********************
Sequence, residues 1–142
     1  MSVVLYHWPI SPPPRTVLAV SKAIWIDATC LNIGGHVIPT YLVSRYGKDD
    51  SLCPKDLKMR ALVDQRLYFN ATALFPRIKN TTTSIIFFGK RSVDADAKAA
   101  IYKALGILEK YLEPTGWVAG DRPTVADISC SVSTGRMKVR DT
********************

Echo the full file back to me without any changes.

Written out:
Sequence, residues 1–142
     1  MSVVLYHWPI SPPPRTVLAV SKAIWIDATC LNIGGHVIPT YLVSRYGKDD
    51  SLCPKDLKMR ALVDQRLYFN ATALFPRIKN TTTSIIFFGK RSVDADAKAA
   101  IYKALGILEK YLEPTGWVAG DRPTVADISC SVSTGRMKVR DT